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  • Sat., Sep. 20, 2014 3:30 PM - 4:00 PM EDT Jets Game Plan A comprehensive look ahead at the week's upcoming matchup
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    A comprehensive look ahead at the week's upcoming matchup

  • Mon., Sep. 22, 2014 11:30 PM - 11:59 PM EDT Jets Post Game: Bears at Jets Reactions and on-field interviews with Jets players immediately following every Jets game
  • Tue., Sep. 23, 2014 4:30 PM - 5:00 PM EDT Jets Extra Point Analysis of the previous week’s game and exclusive interivews with Jets players and coaches
  • Tue., Sep. 23, 2014 7:00 PM - 8:00 PM EDT Inside the Jets

    “Discuss the team’s gameday performance and the Jets’ match-up for the upcoming week. Hosted by Bob Wischusen,“Inside the Jets Radio Show" on ESPN New York 98.7FM is aired weekly the day after every game throughout the season.”

  • Wed., Sep. 24, 2014 12:30 AM - 1:00 AM EDT Jets Open Mic

    Exclusive live "start-to-finish" coverage of Rex Ryan's press conferences

  • Wed., Sep. 24, 2014 1:00 PM - 1:30 PM EDT Jets Extra Point Analysis of the previous week’s game and exclusive interivews with Jets players and coaches
  • Thu., Sep. 25, 2014 4:30 PM - 5:00 PM EDT Jets Game Plan

    A comprehensive look ahead at the week's upcoming matchup

  • Fri., Sep. 26, 2014 1:00 PM - 1:30 PM EDT Jets Game Plan A comprehensive look ahead at the week's upcoming matchup
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Idzik: ‘What We Do Will Really Prove True’

Posted by Randy Lange on January 24, 2013 – 11:05 am

Updated, 4:45 p.m. ET

Today is not John Idzik’s first day on the job, but it’s still a big day for him, and not just because his parents are celebrating their 60th wedding anniversary.

He and the Jets are flying forward as he met the media for his first news conference as the Green & White general manager. The event was big enough that it’s being held in the team’s auditorium, rather than the media interview room, and the half-hour intro to the reporters and fans was being streamed live and is now available as an archived video on newyorkjets.com.

That being said, Idzik showed up in understated but unmistakable Jets mode, coming in through the football entrance door to the complex shortly after 7:45 a.m. wearing a gray business suit, a small oval Jets lapel pin and a patterned green tie — “It’s really tough to find Jets-green ties in Seattle,” he said.

Then as part of his busy day, he spent 15 minutes shortly after his arrival to chat with us about the start of his Jets tenure, which actually began with an ambitious schedule the first half of this week at the Senior Bowl practices in Mobile, Ala.

“It’s been like one big, long day,” Idzik said of his first week on the job. “Everything kind of flows together. I took a little diversion to the Senior Bowl, which was good, got to spend some time with Rex, quality time with the personnel staff. We got to know each other a little bit down there, so that was very valuable.”

Much has already been speculated about the relationship between Rex Ryan and the new I-Man in town. Idzik met the Jets head coach during the interview process and again in Mobile. The relationship seems simpatico, in part because as Idzik said, he spent time around the Jets under his father, the team’s offensive coordinator from 1977-79, in a way not dissimilar to a younger Rex hanging with his dad, then-D-line coach Buddy, and the Jets of the late Sixties and early Seventies.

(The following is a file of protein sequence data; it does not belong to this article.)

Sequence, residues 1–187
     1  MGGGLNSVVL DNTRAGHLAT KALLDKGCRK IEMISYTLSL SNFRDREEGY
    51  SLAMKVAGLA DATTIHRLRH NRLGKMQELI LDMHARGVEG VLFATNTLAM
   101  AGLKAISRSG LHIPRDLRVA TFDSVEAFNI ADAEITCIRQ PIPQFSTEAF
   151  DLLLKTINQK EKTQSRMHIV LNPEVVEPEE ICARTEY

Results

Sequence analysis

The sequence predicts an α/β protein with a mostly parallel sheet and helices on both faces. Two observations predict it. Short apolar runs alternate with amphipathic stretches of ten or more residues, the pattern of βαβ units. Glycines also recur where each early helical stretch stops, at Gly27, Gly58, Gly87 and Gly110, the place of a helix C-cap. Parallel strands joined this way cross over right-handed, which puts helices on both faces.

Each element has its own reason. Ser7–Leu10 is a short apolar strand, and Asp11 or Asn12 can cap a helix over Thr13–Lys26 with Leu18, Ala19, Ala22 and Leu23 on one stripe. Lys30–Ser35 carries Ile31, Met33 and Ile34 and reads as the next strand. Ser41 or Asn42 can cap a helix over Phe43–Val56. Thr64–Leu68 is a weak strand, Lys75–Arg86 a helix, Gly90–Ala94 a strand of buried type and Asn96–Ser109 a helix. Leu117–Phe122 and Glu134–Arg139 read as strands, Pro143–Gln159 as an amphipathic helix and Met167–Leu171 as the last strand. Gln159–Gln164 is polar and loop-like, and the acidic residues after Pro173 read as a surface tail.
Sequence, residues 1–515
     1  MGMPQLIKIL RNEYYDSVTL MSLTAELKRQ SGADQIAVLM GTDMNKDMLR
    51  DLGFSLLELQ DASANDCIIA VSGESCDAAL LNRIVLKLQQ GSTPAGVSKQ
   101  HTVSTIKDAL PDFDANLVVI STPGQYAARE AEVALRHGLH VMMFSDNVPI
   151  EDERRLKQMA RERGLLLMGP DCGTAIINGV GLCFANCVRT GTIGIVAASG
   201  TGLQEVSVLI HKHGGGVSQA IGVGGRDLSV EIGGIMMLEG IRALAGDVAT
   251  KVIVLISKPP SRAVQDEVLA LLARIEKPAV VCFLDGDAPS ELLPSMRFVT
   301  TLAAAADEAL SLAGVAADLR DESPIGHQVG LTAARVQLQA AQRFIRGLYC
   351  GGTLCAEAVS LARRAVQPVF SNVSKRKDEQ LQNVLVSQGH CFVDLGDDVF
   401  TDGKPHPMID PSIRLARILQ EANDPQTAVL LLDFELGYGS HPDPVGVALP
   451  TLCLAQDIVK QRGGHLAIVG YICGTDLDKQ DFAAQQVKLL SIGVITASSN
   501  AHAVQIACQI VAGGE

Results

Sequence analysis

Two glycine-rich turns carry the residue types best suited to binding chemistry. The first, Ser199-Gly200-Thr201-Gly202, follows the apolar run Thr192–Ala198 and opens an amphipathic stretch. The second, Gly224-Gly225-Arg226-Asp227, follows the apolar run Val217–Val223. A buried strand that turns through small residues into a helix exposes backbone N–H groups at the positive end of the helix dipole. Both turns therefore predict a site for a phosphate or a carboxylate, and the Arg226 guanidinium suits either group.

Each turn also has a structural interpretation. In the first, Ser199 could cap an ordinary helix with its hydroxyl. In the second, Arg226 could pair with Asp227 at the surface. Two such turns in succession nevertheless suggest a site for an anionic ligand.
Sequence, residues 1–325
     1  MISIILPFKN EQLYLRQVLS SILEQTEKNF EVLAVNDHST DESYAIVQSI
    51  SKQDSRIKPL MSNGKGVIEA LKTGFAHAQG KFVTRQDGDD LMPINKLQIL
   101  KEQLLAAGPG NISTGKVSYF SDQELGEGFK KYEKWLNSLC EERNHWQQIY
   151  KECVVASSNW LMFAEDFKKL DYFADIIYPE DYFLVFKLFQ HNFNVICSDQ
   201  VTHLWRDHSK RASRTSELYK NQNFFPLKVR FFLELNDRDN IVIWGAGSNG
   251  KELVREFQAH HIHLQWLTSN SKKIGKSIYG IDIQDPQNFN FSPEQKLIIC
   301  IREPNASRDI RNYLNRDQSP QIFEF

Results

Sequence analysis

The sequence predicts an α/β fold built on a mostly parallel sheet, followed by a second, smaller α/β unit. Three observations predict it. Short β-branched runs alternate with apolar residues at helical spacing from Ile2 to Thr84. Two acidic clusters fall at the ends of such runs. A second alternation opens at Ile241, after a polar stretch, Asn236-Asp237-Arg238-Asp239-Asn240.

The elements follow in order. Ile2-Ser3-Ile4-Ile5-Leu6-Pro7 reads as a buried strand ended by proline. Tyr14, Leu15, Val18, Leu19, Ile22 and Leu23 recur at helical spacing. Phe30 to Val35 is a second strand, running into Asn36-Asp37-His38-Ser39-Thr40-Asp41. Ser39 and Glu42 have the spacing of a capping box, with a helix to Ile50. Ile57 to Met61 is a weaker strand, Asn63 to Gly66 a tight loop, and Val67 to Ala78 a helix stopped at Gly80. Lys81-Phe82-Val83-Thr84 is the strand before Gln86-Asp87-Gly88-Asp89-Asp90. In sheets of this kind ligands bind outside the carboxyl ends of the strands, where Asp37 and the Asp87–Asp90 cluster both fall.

“Rex and I are cut from the same cloth, we’re both football brats, so we have a lot in common that way,” Idzik said. “We shared some of that when we first met. He’s a very energetic, engaging, optimistic, enthusiastic coach, an accomplished coach, so those are all qualities that you look for. I think it’s vital that the GM and the coach have a very close working relationship. My first days with Rex have been very positive and I’m very much looking forward to working with him.”

John, “a skinny receiver trying to gain weight” during his high school years (he admitted to measurables of 6’4″ and 175), spoke fondly of his time back then hanging with the Jets and especially with his father, John Sr.

“Living in a football family is very rewarding, but it’s also very challenging on a family. You don’t see your father that often because of the hours,” he said. “But me, being the only boy, I got to spend all the camps and games together with my dad. I was fortunate to observe him, his coaching style, and to be with the players back then — they actually let you run routes at minicamp, so catching passes from Richard Todd, Matt Robinson and Pat Ryan, that was really neat.

“But yes, I spent a considerable amount of time with my dad and he obviously had a major influence on me both from a professional standpoint but, more importantly, a personal one. He taught me lessons much beyond football.”

One of the lessons from inside the game was the value of a good running game. Idzik was not urging Rex to reembrace “ground and pound,” but one thing the Jets of the late Seventies did well as they built their offense back to mid-Eighties prominence was to run the ball to the top of the NFL charts in 1979.

“I think it’s been well-established in our league that you need to be able to run the ball,” Idzik said. “That was certainly part of my father’s philosophy when he was offensive coordinator. He did it by committee back then. We did it in Seattle in a different fashion. So yeah, I think that is important.”

Idzik, needless to say, thinks the passing game and the scoring dimension are every bit as important. As he said about the Jets’ offense, “We’ll go through the specifics with Rex and his staff,” and he’ll address those specifics a little more in response to reporters’ questions in the 11 o’clock hour and we’ll put a news story together on that news conference with some of those replies.

As for a lesson taught beyond football, it was the value of teamwork and the importance of the new cast of players, coaches and staff he’s now meeting and will be going to work with in the coming days and weeks and months.